In this issue of the Connect:ED newsletter, I return to reviewing the characteristics of the 4C Quality Faculty Model. CARING is the second of the 4 Cs. Core Characteristic #6 under it is Spiritual Life, which describes faculty who are concerned for and help nurture a student’s spiritual growth in their walk with God.
This characteristic deals with the faculty member’s care for the spiritual life and growth of the student. The University’s overarching mission is helping our students cultivate a biblical worldview and a vital relationship with God. The life of the intellect and the life of the heart should be inseparably linked.
Although academic performance is the primary activity that gets graded and assessed – for instance, we do not require students to be a believer either when they enroll or when they graduate – education at a Christian liberal arts university is about far more than earning a degree or gaining professional skills. It is about being formed into a particular kind of person. This is a holistic and integrated view. And for us, the backdrop of that education is that every student is created in his image, intended to share his holy character, and called to be a citizen of his kingdom.
This means that for OKWU, the education in the classroom is a particular form of discipleship. A deep spiritual life is not something we can require like we can taking a quiz or writing a paper. But through the study of these subjects, and, most importantly, through the guidance, modeling, and wisdom of the faculty member, we can help nurture and challenge students in their relationship with the Triune God.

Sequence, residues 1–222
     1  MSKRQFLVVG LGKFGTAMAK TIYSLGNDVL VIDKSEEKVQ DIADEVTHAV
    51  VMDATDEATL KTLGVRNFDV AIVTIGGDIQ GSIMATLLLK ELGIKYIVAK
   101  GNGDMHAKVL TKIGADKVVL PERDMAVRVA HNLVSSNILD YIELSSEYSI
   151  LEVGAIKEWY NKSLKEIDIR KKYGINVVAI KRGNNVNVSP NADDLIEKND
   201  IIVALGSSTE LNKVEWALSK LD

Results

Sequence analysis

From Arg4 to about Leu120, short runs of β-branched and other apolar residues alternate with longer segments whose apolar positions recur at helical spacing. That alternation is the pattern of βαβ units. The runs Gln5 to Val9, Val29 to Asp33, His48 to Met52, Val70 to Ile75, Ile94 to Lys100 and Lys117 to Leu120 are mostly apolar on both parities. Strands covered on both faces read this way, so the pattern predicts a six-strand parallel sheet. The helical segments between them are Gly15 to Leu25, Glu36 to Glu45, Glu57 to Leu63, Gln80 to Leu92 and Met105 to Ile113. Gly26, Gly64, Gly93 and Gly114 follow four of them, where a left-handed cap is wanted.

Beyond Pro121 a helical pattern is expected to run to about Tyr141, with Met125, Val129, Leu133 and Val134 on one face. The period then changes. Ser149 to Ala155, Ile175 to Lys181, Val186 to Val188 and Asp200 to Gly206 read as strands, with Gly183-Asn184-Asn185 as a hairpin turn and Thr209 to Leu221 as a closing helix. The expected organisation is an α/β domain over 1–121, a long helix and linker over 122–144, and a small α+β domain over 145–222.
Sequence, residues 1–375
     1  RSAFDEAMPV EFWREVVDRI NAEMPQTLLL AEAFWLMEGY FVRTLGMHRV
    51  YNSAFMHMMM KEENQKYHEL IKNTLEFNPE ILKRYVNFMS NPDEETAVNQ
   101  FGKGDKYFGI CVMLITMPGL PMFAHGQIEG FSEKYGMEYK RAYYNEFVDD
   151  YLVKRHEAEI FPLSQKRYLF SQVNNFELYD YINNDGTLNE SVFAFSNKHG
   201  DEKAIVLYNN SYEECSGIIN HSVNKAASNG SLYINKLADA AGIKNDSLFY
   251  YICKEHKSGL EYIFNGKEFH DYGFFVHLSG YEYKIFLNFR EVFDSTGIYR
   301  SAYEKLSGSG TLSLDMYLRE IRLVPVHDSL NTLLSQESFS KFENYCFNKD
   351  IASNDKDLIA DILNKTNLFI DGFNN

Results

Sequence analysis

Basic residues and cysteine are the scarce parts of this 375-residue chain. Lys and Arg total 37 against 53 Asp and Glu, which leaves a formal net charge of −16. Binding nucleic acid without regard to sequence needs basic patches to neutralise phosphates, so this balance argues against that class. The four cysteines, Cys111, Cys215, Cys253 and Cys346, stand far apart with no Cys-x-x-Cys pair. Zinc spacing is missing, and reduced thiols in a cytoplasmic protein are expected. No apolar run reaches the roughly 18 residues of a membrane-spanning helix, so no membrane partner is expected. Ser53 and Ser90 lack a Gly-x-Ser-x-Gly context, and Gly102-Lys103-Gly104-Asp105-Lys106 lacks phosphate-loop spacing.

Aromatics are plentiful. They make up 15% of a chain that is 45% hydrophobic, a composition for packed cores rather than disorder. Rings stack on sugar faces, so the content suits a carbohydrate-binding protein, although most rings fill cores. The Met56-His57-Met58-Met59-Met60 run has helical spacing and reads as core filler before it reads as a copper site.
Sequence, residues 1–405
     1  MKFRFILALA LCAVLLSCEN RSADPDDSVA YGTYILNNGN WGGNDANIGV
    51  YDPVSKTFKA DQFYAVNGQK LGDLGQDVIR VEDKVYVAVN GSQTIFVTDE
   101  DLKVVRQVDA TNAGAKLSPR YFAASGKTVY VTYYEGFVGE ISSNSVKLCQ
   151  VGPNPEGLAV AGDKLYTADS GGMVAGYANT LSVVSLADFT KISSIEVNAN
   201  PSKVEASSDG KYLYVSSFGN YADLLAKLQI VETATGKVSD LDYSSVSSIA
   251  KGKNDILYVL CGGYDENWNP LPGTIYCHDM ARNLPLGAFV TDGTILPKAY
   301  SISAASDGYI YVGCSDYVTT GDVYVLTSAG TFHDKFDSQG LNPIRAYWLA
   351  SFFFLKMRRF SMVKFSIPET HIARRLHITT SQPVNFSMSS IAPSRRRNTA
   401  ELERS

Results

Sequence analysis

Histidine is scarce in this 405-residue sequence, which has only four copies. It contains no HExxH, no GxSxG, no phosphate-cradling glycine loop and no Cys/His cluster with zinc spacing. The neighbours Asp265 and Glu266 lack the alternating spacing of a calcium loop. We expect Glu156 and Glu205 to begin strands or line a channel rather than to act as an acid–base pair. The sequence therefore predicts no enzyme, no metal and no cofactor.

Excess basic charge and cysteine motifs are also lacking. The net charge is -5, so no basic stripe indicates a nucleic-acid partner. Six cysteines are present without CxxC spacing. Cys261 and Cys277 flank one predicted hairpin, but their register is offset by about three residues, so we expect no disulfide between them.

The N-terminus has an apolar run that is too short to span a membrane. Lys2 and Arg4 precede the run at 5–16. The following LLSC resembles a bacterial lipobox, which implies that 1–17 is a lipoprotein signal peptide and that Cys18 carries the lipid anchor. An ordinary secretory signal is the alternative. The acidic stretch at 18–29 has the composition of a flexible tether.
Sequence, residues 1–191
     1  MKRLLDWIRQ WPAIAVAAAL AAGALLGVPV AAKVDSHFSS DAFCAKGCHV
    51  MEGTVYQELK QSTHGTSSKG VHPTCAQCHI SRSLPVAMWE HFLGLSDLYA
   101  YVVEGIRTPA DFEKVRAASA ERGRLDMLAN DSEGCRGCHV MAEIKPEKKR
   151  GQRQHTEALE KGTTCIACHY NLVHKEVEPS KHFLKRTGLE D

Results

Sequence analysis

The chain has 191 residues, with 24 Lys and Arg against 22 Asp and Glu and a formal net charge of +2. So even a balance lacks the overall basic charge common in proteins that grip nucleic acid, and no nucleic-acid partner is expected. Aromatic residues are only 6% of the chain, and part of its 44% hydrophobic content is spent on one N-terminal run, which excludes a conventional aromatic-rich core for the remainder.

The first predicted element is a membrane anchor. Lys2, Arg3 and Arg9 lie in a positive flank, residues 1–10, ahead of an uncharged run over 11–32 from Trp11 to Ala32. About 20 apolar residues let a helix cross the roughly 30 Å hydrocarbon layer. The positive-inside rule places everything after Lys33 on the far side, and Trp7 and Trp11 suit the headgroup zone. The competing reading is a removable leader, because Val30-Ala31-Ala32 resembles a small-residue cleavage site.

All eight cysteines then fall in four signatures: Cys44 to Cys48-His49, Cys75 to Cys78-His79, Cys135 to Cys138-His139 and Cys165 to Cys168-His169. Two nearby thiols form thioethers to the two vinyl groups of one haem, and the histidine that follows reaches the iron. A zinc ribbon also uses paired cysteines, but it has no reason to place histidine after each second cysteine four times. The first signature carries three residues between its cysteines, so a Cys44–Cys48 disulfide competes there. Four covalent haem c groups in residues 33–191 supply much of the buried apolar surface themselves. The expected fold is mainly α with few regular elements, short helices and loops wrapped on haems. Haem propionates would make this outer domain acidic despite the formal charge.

In the new Personal Teaching Profile approach to training and evaluation, you are asked to think about the following of questions with respect to your role as professor: How will you cultivate students’ spiritual growth? What all will you do to discover and learn about where students are spiritually? What will you do to encourage the students in their daily walk with Jesus Christ? How will you challenge them to grow deeper in their faith? How will you push students to think critically and develop a biblical worldview?
Some suggestions that we provide in the Guide to the 12 Core Characteristics include:
- Ask critical thinking questions that encourage students to explore the “why” behind their thoughts, beliefs and actions.
- Work with the Dean or a course designer to add Scripture reading requirements to your course.
- Require students to read and reflect on assigned passages of Scripture and to apply those to their experience or to situations related to course themes.
- Establish a chapel forum, providing a safe place to share prayer requests and praise reports.
- Identify collision points between secular worldview and the Christian worldview in relationship to your specific course learning.
- Seek opportunities to pray with students individually or incorporate Scripture references (i.e. 1-1 phone calls, Zoom meetings, email, discussion forums, etc.)
- Build bridges between course concepts and the application of God’s word. Ask the questions: what did the Scripture mean when it was written, what is the timeless truth behind what is being said, how does it apply today?
- Share devotionals in Chapel Forum or Announcements that are relevant to student concerns.
- Share you own faith story, encourage students to share theirs, and identify students in need of stronger faith connections